Back in February, intelligence services reported at least 130 Canadians have joined ISIS forces in Iraq and Syria, and Soharwardy said he was very familiar with one of three young men from Calgary who were killed fighting for ISIS.
"These people are brainwashing people here in this country," he said.
There are many reasons Westerners join such groups, John Horgan, a psychologist and terrorism specialist, told New York Magazine's Science of Us
"Different kinds of people become involved for many different kinds of reasons, and they end up doing many different kinds of things," said Horgan. "Some become snipers, some become bombers, some become beheaders, for example."
And instead of trying to determine a general model, psychologists are finding broad risk factors for understanding why someone from the western world would join a radical jihadist movement fighting thousands of miles away.
"There’s typically a very, very strong moral pull," said Horgan. "You often see recruits are driven by this passionate need to right some perceived wrong, to address some sort of injustice, to restore honor to those from whom it’s been taken."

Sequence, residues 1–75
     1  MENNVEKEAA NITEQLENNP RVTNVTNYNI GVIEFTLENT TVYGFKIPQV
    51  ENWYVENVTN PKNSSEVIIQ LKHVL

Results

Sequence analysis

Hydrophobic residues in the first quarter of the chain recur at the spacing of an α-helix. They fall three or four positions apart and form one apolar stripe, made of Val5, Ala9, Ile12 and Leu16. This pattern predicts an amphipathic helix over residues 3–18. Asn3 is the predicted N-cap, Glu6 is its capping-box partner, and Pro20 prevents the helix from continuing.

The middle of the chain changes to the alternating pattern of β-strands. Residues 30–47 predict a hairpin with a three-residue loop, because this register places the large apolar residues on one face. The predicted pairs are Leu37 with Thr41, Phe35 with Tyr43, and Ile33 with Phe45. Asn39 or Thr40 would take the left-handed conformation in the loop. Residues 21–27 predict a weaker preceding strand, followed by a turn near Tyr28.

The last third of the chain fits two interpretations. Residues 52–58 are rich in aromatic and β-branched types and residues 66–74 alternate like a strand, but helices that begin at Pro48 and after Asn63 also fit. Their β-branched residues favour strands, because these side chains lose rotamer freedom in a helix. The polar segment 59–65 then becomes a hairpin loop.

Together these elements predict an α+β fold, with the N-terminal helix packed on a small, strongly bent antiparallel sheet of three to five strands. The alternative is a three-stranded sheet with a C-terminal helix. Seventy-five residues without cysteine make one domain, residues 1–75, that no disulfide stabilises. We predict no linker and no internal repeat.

Horgan said he has been studying terrorism for 20 years, and ISIS "truly is something different" from other groups.
"It holds very, very broad appeal to both converts and natural-born Muslims alike," he said. "In the eyes of potential recruits, this is fantasy made reality. It’s everything that a would-be jihadist could have hoped for."
The radical jihadist group is also demonstrating quick results, another factor that a budding terrorist would appreciate, said Horgan.
"They’re capturing cities, they’re flaunting weaponry," he said. "They’re creating a safe haven, or refuge, where they can live."
There is a difference between fundamentalists, he pointed out, as "most radicals don’t act on their beliefs, let alone become involved in terrorism."
But ISIS is working hard to recruit soldiers, said Horgan, through selfies and YouTube videos that allow people to immediately live the fantasy and "scowl back at their home countries."
As a result, Western countries will need to rethink their assumptions about terrorism, he said.
"This is far more warlike, far more akin to a large-scale insurgent movement than a small-scale terrorism movement," he said.